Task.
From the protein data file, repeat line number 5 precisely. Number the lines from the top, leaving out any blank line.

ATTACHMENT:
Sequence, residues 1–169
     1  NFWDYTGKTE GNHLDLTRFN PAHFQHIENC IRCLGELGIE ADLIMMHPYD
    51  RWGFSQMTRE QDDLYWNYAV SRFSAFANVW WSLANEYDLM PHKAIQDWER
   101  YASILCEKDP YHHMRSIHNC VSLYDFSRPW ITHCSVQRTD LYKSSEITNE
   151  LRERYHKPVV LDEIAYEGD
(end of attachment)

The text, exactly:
   151  LRERYHKPVV LDEIAYEGD